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Jan 01

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Investor Pitch Deck Series #2 – Exit Strategy

 

Dear reader,

This is the second of many blogposts in a series that I’m calling the Investor Pitch Deck Series. I am creating a post about each investor pitch slide, why it is important, the common errors, and how to communicate that you have what it takes to achieve your goals for this company.

Posts in this series


The mantra for this series will be, “Above all, make sense.”


The Exit Strategy Slide

The exit strategy is one of the top three things that a potential investor wants to know about your business. There are two facets to an exit strategy – human and economic. The human element is simply whether the founders are interested in selling the business in a few years. The economic element is whether the business can be sold to a buyer in a few years. Your exit strategy slide must convey your desire to use this business to make money for yourself and investors. It also must directly describe the path that you are taking to create value in your company and to secure one or more potential buyers. Remember, the majority of your company’s value is gained at the exit.

Cringe Factors

Cringe Factor #1 – You describe your exit strategy as an acquisition by a large company like Google, Amazon, or Facebook.

Why this makes us cringe – Acquisition, IPOs, and mergers are goals, not strategies. If you are banking your time and your investors’ money on a lucky break, then everyone should be nervous for the future of this deal.

How to do it right – Research the recent acquisitions for at least three companies similar to yours in the last three years. Have the details of these exits in your back pocket to be used for follow up Q&A if you don’t mention these comparables directly in the pitch. Another great step toward a solid exit strategy is to have conversations with potential acquiring companies prior to the pitch. Savvy entrepreneurs will put out feelers in conversations with multiple companies months or years in advance of an exit.

Cringe Factor #2 – You don’t want to exit for 10+ years.

Why this makes us cringe – Venture investors are primarily interested in making their money grow quickly. If you think that an early exit for a few million is a sellout move, then your company might not be suited for venture (or angel) capital. Perfectly good companies make a lot of money for the owners without ever taking investor capital or exiting.

How to do it rightResearch your options. If you are seeking seed stage capital to grow your company, then check out the other ways to grow your company even if you are pretty sure investor capital is for you. Determine whether your goals are aligned with those of investors. Approach investors only after you are certain than you see a quick exit as a success and not a sell-out. Some people would rather be King than be rich and those people should really consider whether they should be seeking investment capital at all.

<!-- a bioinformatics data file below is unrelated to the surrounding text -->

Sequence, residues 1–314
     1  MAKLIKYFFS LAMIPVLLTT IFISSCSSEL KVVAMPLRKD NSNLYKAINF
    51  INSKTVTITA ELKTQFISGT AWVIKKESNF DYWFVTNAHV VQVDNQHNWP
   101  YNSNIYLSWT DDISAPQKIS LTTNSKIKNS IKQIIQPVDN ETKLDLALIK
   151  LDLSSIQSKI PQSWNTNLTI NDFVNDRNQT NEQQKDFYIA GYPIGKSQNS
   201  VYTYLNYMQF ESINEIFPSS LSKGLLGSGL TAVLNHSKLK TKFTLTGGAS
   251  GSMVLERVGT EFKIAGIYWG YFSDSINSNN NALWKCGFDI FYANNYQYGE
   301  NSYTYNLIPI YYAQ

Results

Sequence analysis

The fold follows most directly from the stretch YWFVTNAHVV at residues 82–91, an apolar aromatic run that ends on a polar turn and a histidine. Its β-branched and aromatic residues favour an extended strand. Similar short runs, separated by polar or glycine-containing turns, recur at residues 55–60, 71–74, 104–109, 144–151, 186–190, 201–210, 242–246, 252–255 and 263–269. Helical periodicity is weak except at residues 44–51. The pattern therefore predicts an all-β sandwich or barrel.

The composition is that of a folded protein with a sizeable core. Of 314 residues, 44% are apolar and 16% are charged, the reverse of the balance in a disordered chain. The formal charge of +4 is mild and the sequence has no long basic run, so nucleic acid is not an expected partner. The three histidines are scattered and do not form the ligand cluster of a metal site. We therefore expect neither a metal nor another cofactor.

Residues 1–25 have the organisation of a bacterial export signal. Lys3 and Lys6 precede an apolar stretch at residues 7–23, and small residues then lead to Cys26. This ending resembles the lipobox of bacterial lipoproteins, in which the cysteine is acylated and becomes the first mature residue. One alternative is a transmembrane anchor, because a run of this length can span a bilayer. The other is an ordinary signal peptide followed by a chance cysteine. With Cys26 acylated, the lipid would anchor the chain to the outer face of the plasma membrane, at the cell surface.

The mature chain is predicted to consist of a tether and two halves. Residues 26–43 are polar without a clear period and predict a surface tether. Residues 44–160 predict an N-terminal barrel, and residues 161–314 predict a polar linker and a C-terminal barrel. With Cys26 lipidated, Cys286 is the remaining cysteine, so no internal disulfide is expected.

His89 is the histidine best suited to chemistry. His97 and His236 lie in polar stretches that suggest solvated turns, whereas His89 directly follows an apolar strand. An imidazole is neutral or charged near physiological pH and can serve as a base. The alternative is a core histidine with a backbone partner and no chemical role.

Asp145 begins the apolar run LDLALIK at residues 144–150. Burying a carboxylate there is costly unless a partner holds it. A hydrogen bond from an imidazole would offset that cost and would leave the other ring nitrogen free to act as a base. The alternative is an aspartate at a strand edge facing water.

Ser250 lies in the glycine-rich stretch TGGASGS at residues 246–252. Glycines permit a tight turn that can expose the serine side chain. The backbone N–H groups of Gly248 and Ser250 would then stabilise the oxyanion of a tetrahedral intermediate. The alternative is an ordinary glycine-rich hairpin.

The Controversial Exit Slide

The exit strategy slide is rarely discussed in VC blogs, online forums, and other centers of intelligence on venture capital fundraising. Art of the Start Guru, Guy Kawasaki doesn’t include it in his 10 VC slides. ReOverthinking’s example pitch deck, while really good, neglects the exit slide completely. So, why is Rockies Venture Club pushing for an Exit Slide?

In our community, entrepreneurs can find themselves face to face with an interested investor at any moment – in the bathroom during an RVC event, in a class, over appetizers and drinks, or in a mastermind meeting where entrepreneurs discuss strategy. Many of our investors are entrepreneurs who exited well in their last venture and now they jump the fence on a daily basis back and forth from entrepreneur role to investor role. Entrepreneurs rarely know when they are surrounded by investors. When we accept a new RVC company, we want them to be ready to pitch at a moment’s notice anywhere, with slides or without, in 30 seconds or 30 minutes.

The exit slide is simply an embodiment of real research on acquisition partners and shows the future goals of the founders. If you’ve done the work and made the slide, you never have to show it to anyone. Investors can tell that you know what you want and you are capable of doing the work to get there.

Bijan Sabet from Boston VC firm Spark Capital argues that there is no way to predict the ultimate buyer of your company, so don’t even worry about the exit when you are seeking seed stage capital. This to me is like saying you can’t predict your exact career trajectory so don’t even worry about your college major. I’m apparently not alone in my disapproval of this perspective. The point is, don’t spend all your time planning the exit. However, you DO need to have given it enough time that you don’t get that deer-in-the-headlights look when the investor asks about it.

 

Article by Nicole Gravagna, PhD, Director of Operations for the Rockies Venture Club as part of a series on the elements of an investor pitch deck. The next post is on the Team Slide.


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Permanent link to this article: http://www.rockiesventureclub.org/2013/01/pitch-deck-2/

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